Varsity is anything but
don’t see. When you are teaching and you keep on saying ‘as you can see’, what do you expect a blind student to see?” she said.
She said students in wheelchairs sometimes cannot even consult lecturers because lifts are not working and they can’t reach the lecturers’ offices.
“You go to the administrator and say: ‘Can you tell prof so-and-so that I’m here; can they come and attend to me?’ They throw tantrums and don’t want to attend to students,” Mthiyane said.
“When this university got recognised as the number one institution catering for students with disabilities, it meant that everything is at its best level and that is what we expect — the best. We will not be apologetic about our issues,” she said.
Many other students shared their experiences during the awareness campaign and described how some lecturers are not at all helpful.
“Stop ignoring us,” was Mahlatse Mampuru’s appeal to the lecturers. He lost his eyesight when he was 14. He is a sports fanatic.
“If I were to choose between being here and sport, I would choose sport [rather] than being here. In sport, the commentators, even though I cannot see, they give me the full information about what is happening on the field.
“In 2010, when Siphiwe Tshabalala scored that beautiful goal [during the Fifa World Cup], I experienced that moment the same time it happened and not after.
“But here you go to the class, the lecturer uses a projector and you cannot see, and they start saying this and that and you cannot see what they are talking about. So for me, being here sometimes is just useless,” he told those gathered in a lecture hall.
Students also bemoaned the fact that some lecturers refuse to help them and “diagnose” them and say they are not disabled because their disability is not visible.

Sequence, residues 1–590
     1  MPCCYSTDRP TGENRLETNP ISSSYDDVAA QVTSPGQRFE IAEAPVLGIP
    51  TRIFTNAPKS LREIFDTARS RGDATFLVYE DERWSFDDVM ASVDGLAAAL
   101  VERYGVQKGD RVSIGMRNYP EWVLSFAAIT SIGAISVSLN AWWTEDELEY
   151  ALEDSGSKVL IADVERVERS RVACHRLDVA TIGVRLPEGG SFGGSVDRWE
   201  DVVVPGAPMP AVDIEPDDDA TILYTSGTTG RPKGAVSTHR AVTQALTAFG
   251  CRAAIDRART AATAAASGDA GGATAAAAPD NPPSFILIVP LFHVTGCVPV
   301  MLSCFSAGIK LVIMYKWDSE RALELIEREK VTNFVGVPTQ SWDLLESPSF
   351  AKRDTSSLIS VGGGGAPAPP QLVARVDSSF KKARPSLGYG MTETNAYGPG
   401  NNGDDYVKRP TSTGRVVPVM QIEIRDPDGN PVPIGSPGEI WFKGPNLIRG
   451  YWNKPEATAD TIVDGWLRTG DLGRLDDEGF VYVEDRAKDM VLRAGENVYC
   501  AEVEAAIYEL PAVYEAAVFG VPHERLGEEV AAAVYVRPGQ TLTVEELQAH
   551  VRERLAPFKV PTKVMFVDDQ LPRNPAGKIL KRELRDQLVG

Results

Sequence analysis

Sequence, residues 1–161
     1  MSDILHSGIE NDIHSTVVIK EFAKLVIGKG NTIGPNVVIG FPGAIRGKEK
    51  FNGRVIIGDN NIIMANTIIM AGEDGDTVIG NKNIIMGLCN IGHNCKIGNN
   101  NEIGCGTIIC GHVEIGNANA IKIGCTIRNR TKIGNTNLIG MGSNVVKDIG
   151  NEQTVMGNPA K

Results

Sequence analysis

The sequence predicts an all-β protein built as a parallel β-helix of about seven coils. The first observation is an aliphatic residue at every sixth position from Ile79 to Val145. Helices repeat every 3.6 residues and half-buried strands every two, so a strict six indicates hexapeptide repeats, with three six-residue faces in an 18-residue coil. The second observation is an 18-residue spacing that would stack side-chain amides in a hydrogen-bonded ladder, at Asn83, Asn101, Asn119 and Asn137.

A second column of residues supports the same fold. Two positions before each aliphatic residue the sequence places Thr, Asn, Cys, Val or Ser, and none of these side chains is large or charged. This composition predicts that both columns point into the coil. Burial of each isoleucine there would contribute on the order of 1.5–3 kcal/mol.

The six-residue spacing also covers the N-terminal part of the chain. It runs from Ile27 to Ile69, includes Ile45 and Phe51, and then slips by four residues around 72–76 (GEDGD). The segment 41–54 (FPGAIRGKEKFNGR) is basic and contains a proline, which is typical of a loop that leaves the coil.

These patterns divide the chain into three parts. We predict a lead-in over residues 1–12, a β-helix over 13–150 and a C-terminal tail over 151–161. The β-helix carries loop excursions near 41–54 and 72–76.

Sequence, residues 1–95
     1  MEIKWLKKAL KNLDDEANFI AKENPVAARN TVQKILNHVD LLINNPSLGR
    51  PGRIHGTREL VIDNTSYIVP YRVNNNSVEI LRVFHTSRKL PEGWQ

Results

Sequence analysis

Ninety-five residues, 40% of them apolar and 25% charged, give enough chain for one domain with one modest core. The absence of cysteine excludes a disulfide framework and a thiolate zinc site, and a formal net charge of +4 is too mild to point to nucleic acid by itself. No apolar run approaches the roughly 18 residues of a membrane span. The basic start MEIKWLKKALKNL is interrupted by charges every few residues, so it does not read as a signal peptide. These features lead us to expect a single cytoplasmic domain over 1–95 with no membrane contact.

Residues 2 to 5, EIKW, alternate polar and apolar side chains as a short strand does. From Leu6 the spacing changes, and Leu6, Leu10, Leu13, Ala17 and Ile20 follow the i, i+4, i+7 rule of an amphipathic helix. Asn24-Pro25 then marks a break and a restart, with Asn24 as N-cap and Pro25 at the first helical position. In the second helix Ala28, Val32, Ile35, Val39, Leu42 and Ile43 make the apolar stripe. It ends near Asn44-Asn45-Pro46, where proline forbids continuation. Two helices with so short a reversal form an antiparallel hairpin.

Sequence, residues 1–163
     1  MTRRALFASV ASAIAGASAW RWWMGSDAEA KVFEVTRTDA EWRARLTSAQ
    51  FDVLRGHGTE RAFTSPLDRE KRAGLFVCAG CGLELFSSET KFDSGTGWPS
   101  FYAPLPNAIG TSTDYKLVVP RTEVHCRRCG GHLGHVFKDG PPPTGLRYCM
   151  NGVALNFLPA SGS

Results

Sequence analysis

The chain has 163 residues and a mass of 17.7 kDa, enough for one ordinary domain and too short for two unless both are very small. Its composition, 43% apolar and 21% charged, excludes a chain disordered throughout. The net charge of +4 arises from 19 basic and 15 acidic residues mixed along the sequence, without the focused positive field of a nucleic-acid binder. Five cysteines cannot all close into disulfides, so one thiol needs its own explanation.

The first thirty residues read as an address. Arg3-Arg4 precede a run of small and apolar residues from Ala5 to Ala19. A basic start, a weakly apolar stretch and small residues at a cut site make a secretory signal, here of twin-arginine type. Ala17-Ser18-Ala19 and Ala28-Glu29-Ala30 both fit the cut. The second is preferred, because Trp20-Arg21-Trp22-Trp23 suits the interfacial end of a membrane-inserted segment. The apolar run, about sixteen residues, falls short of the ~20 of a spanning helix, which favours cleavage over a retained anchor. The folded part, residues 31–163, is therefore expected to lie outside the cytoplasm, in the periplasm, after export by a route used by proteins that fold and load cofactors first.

One such as student is Sphesihle Khoza. She had a stroke when she was a baby and cannot use her left limbs. Her feet do not have sensation.
“I can’t even do simple things. I can’t even stretch my arms. Even when I have to take fingerprints, I struggle to take fingerprints with my left hand because it is not working … and just because people see me smiling, they say I’m joking when I say I’m disabled.”
She said because she can only use one hand she struggles to type assignments and it takes her longer to finish them because her arm gets tired. “It’s so painful when I have to explain that I’m disabled and I can’t finish some of the things in time. I’m pleading, reach [out] to us,” she said.
Partially sighted student Nomfundo Nkosi, who is also living with albinism, said her life was easy until she came to the University of Limpopo.
“You go to class and you are expected to be in class every single day, and here is a projector and you are sitting in front and you see zero. The font is small, you see nothing and you are expected [to succeed]. I used to not go in class in my first year, because I did not see any reason to go to class because I could not see on the board. I decided that I will just study on my own,” she said.
She shared the story of an incident when a lecturer used a small chalkboard to draw graphs and, when she informed the lecturer that she and a friend could not see them, the lecturer said she was lying.
“She refused to understand and we were in tears, literally in tears. And my other friend even stopped attending that class,” Nkosi said.
Some of the lecturers who attended the awareness campaign said the session was an eye-opener and they would start being more sensitive to the students’ needs.
Most said their knowledge of disabled students’ requirements and issues was limited.
“It is true that we do not have knowledge, partly we accept that what we have been doing,” said a lecturer. “But there were also presentations that showed that sometimes we are limited in understanding your needs and your issues ... It hurts us when we realise how much damage we have caused.”
The University of Limpopo failed to respond to repeated requests for comment.
Reaching out: University of Limpopo student Precious Ralefeta (above) has suffered from osteoarthritis since she was 17, affecting her mobility. She has to use a wheelchair when she travels long distances, but it’s not easy to get around campus when the lifts aren’t working. Students such as William Jonga (left) took part in a recent awareness campaign, to sensitise staff to the problems faced by students with disabilities. Photos: Oupa Nkosi